To: <>
Subject: News
From: "Kevin and Gwenyth Bray" <>
Date: Tue, 25 Jun 2013 17:04:43 +1000
I'm sure there are others with a better, more expert understanding of the mean of "endangered" in the context of "endangered [xxx]", where [xxx] could be a type of woodland, or a species of bird, or animal, or whatever the object of interest/concern is; but here's my two cents worth!
First, the terminology really only has meaning if it has so in some form of statutory instrument, so that - for example - if in the ACT there is/should be some legislative or subsidiary statutory requirement that when (by some well-defined process) a formal designation by a governmentally established body of (say) "endangered box-woodland" has been made (and defined for the purposes of the legislation, etc), then a specific action must necessarily follow (such as, for example, "no box-woodland in the ACT can be cleared" or "box woodland in the ACT may not be cleared without the written approval of the minister for [abc]", or some other "protective" action is triggered.
Normally, I would expect a formal "endangered [xxx]" designation to apply not to a specific (ie individual) thing, but rather to the class (or a well-defined subset) of all such things.  Otherwise you'd have the problem that Philip has raised, of natural or socially acceptable loss or destruction occurring. 
In other words, if the class (or a defined subset) of all box-woodland areas in the ACT (however defined) were formally declared to be "endangered", then there could be some form of statutory prohibition or other protective action required - with some level of appropriate penalty or sanction for failure to comply.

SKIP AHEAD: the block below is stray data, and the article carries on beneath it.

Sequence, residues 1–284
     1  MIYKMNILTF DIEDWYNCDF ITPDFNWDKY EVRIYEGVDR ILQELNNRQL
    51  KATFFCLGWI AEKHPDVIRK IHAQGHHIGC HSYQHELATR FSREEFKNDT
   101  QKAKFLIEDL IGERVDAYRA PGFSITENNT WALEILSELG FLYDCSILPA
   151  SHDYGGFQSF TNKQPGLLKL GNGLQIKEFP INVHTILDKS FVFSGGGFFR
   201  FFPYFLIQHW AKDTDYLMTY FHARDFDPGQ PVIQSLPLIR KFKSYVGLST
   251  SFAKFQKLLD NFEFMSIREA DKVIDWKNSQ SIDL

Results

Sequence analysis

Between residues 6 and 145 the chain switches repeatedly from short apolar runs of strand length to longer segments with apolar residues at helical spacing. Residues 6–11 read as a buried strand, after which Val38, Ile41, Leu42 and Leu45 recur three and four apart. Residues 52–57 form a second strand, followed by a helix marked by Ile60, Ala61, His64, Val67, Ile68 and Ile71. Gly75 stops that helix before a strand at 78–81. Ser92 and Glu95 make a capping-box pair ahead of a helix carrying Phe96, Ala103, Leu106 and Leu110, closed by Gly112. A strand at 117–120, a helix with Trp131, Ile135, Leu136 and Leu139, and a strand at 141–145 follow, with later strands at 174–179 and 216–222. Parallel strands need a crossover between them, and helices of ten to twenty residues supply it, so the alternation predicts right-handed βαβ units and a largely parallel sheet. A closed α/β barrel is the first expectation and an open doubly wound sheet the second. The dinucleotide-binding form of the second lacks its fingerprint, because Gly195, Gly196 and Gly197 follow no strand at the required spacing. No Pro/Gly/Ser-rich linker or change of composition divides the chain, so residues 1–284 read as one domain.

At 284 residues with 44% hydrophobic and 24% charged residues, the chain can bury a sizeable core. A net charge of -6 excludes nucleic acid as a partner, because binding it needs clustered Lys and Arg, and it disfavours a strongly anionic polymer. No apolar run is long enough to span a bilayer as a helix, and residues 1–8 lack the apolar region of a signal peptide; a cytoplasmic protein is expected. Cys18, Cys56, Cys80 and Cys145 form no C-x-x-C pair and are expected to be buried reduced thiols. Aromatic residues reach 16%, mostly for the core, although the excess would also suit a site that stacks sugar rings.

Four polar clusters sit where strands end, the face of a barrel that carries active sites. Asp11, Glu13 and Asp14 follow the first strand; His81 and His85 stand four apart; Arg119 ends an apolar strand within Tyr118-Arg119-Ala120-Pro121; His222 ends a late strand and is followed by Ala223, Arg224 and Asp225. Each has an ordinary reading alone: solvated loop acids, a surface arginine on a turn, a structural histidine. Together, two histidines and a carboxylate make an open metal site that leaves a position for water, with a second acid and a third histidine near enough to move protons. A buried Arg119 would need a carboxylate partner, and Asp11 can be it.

Outside of such a form of statutory management, I think the "endangered" concept is meaningless.
As a matter of interest, our son recently acquired a small rural property in NSW near Adelong, about 300 hectares in all, with the majority of it subject to a formal conservation order which would (for example) prevent the clearing or even (deliberate) partial loss of (say) any box-woodland on it.  As I understand it, the NSW government has designated such areas as subject to conservation orders as a form of "offset" for the deliberate (and legal) removal of equivalent areas of similar land/woodland in the construction of official roads.  (The turning of formerly single lane sections of the Hume Highway in southern NSW into dual carriageway in recent years has necessarily involved the clearing of considerable areas of woodland, hence the application of the "offset" in that region).
In my example, that would mean (assuming the principle of it is applied thoroughly!) that for every hectare of box-woodland destroyed to build a road, a hectare of box-woodland on otherwise private land, with no prior restriction on its use, would be designated as part of a conservation area and thus become subject to some form of protective regime.
Whether or not the practical implementation of such a regime is effective - with good enforcement - is of course another matter!
Kevin Bray
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